US4812504A (en) * 1987-08-19 1989-03-14 Mobil Oil Corporation Compositions and extruded articles compromising polyolefin, polyamide and fatty acid amide

Citations (4)

* Cited by examiner, † Cited by third party
Publication number Priority date Publication date Assignee Title
US2765293A (en) * 1953-08-26 1956-10-02 Du Pont Polyethylene modified with ethylene distearamide
US2770609A (en) * 1953-08-26 1956-11-13 Du Pont Polyethylene-oleamide composition
FR1132791A (en) * 1955-10-25 1957-03-15 Plax Corp Polyethylene with improved sliding characteristics
US3021296A (en) * 1959-07-01 1962-02-13 Union Carbide Corp Compositions and films comporising polyethylene and n, n'-ethylene bis oleamide and pocess of producing same

Patent Citations (4)

* Cited by examiner, † Cited by third party
Publication number Priority date Publication date Assignee Title
US2765293A (en) * 1953-08-26 1956-10-02 Du Pont Polyethylene modified with ethylene distearamide
US2770609A (en) * 1953-08-26 1956-11-13 Du Pont Polyethylene-oleamide composition
FR1132791A (en) * 1955-10-25 1957-03-15 Plax Corp Polyethylene with improved sliding characteristics
US3021296A (en) * 1959-07-01 1962-02-13 Union Carbide Corp Compositions and films comporising polyethylene and n, n'-ethylene bis oleamide and pocess of producing same

Cited By (17)

* Cited by examiner, † Cited by third party
Publication number Priority date Publication date Assignee Title
US3413076A (en) * 1962-01-17 1968-11-26 Nippon Rayon Kk Dyeing nitric acid treated formed polypropylene objects containing fatty acid diamides of alkylene diamines
US3383161A (en) * 1963-07-17 1968-05-14 Nippon Rayon Kk Process for improving dyeability of the fibres and shaped articles of polypropylene
US3412057A (en) * 1964-03-16 1968-11-19 Union Carbide Corp Polyolefin-acetoglyceride compositions having reduced gas permeability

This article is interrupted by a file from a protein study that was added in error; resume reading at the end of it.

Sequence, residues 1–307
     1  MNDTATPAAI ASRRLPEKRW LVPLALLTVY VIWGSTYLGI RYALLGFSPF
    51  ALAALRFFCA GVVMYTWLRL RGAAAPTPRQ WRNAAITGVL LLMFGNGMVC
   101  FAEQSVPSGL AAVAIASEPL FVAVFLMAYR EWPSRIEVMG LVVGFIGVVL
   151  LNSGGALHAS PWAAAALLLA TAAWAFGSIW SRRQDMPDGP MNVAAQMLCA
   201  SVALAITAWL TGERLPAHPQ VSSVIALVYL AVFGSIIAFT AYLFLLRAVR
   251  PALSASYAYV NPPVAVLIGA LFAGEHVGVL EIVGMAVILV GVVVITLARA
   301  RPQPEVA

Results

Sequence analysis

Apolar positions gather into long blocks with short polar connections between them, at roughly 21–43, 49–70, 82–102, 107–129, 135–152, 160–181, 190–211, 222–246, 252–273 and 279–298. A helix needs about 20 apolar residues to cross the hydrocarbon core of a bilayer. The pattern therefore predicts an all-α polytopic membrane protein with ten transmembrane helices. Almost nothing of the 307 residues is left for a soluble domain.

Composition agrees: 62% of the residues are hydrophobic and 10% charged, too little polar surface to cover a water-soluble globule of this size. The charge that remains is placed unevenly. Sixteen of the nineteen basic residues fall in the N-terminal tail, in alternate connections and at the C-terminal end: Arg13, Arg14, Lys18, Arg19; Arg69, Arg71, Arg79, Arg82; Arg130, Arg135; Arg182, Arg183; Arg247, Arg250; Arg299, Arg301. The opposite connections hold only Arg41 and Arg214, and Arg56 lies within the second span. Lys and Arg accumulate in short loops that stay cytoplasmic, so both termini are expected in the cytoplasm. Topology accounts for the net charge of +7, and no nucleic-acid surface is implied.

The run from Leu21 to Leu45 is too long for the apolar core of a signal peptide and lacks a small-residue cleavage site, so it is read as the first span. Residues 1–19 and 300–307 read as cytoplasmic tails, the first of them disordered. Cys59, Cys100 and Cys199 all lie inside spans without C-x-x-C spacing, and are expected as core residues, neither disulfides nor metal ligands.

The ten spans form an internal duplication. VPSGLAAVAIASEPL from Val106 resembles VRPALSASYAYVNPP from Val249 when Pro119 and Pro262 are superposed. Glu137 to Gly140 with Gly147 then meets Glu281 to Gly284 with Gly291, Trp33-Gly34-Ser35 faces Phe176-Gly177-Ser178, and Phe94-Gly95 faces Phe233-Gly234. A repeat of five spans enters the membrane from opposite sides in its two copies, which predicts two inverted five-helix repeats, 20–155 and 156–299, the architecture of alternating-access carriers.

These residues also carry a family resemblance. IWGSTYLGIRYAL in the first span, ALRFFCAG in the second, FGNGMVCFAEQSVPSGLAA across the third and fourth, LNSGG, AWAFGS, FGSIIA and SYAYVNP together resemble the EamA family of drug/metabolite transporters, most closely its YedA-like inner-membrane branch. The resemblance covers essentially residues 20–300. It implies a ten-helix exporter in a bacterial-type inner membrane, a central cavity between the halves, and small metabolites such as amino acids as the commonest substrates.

US3389097A (en) * 1964-06-26 1968-06-18 Koppers Co Inc Expandable polymers
US3547754A (en) * 1965-10-01 1970-12-15 Crown Zellerbach Corp Thermoplastic packaging films having a difference in slip characteristics between their two outer surfaces
US3407162A (en) * 1966-03-30 1968-10-22 Chevron Res Hot tack high gloss wax compositions
US3538029A (en) * 1967-11-21 1970-11-03 Du Pont Vinylidene chloride copolymer coating for organic film
US4325850A (en) * 1979-05-21 1982-04-20 W. R. Grace & Co. Processing and product enhancement additives for polyolefin film
USRE32325E (en) * 1981-05-26 1987-01-06 E. I. Du Pont De Nemours And Company Tack-free polymer pellets
EP0068148A3 (en) * 1981-05-26 1983-02-23 E.I. Du Pont De Nemours And Company Tack-free polymer pellets
US4510281A (en) * 1981-05-26 1985-04-09 E. I. Du Pont De Nemours And Company Tack-free polymer pellets
EP0068148A2 (en) * 1981-05-26 1983-01-05 E.I. Du Pont De Nemours And Company Tack-free polymer pellets
US4607072A (en) * 1985-05-02 1986-08-19 Mobil Oil Corporation Polyolefin composition and method of processing same
EP0213788A2 (en) * 1985-08-06 1987-03-11 REXENE PRODUCTS COMPANY (A Delaware Corporation) Method for improving the clarity of propylene polymers
US4684683A (en) * 1985-08-06 1987-08-04 El Paso Products Company Injection blow molding grade propylene polymers
EP0213788A3 (en) * 1985-08-06 1988-06-15 El Paso Products Company Method for improving the clarity of propylene polymers
US4812504A (en) * 1987-08-19 1989-03-14 Mobil Oil Corporation Compositions and extruded articles compromising polyolefin, polyamide and fatty acid amide